Though not yet president, Donald Trump is monopolising political discussion already. But by focusing on this individual as the embodiment of all that ails this era, we could miss the polarisation that’s occurring across the world.
The past few years have seen a revivification of the Far Right. Marine Le Pen’s National Front has 40% of the vote in parts of France; in Australia, the most recent election created four One Nation senators, and, as Vashti Kenway notes in her article on Hansonism, many of their obsessions are indistinguishable from the LNP’s.
Far-right parties are masquerading as champions for the majority of their nations’ citizens: the National Front now defends gay rights and social welfare, and denounces anti-Semitism, limning Islam as the real threat.
At these times, it is worth revisiting our radical histories. Not only as a way of tracing left-wing traditions or reclaiming important chapters omitted from dominant narratives, but because history isn’t a series of failures. Our past is also full of victories, small and large, that can help shape the future – something Liam Byrne shows in his essay on Australia’s anti-conscription movement.
It has been eighty years since the Battle of Cable Street, when 300,000 residents, communists and trade unionists barricaded London’s East End, refusing to let Oswald Mosley and his Blackshirts march the streets and intimidate local residents, a large number of whom were Jewish. Their chant: No pasarán! or, They shall not pass.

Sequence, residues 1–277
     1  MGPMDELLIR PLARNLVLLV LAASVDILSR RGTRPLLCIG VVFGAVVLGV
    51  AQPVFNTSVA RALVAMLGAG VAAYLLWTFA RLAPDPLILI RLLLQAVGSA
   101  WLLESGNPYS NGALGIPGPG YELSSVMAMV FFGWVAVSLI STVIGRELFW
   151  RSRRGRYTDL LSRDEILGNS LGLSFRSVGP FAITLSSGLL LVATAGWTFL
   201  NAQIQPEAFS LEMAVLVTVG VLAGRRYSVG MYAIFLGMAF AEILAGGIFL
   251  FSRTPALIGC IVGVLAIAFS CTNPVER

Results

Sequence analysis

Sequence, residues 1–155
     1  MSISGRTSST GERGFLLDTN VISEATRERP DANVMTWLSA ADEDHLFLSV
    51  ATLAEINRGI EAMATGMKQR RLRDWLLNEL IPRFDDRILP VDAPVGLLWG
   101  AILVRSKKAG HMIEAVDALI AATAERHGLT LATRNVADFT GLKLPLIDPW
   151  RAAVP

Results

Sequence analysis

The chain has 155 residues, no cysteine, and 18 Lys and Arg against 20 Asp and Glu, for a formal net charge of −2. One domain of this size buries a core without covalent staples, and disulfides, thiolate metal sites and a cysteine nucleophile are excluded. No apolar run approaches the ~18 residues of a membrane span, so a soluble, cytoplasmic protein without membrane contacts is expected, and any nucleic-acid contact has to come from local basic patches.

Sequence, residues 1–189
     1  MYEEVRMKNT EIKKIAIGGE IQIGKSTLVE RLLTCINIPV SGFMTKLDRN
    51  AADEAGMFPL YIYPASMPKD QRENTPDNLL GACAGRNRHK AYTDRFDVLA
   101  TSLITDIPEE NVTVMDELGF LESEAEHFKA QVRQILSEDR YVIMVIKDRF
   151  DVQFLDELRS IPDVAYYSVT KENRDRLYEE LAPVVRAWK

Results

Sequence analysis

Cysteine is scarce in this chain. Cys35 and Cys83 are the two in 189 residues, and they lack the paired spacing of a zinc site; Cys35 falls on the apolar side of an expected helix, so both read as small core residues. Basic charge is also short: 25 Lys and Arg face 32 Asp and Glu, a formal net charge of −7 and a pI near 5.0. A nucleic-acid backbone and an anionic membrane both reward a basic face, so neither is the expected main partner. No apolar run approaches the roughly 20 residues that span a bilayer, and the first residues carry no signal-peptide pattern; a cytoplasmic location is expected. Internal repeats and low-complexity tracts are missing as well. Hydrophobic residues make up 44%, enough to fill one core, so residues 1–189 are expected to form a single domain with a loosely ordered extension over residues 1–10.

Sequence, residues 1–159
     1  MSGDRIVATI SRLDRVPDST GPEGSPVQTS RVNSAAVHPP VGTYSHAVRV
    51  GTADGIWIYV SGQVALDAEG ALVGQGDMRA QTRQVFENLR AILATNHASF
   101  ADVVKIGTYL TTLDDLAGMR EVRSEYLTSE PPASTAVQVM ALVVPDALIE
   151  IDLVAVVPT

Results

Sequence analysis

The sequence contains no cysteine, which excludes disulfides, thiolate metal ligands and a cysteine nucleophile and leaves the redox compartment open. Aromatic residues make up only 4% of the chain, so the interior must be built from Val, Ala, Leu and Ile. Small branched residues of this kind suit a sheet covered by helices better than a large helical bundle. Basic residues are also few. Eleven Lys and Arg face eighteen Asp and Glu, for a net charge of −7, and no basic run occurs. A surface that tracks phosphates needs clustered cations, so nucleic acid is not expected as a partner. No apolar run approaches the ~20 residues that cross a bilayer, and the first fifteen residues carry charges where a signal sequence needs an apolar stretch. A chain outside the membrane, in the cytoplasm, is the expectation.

Today, London’s East End is home to a large Muslim community, and the same kind of activists who helped fight back the fascists in 1936 and in the decades since. It is a history that should give us hope.
As well as essays on Trumpism, literary heroines swept up in radical movements and Australia’s working class today, this edition also contains haunting fiction by Tony Birch and Alex Philp, a seventeen-poet collaboration celebrating Gig Ryan’s birthday, and the winning entries of the second year of the Overland NUW Fair Australia Prize.
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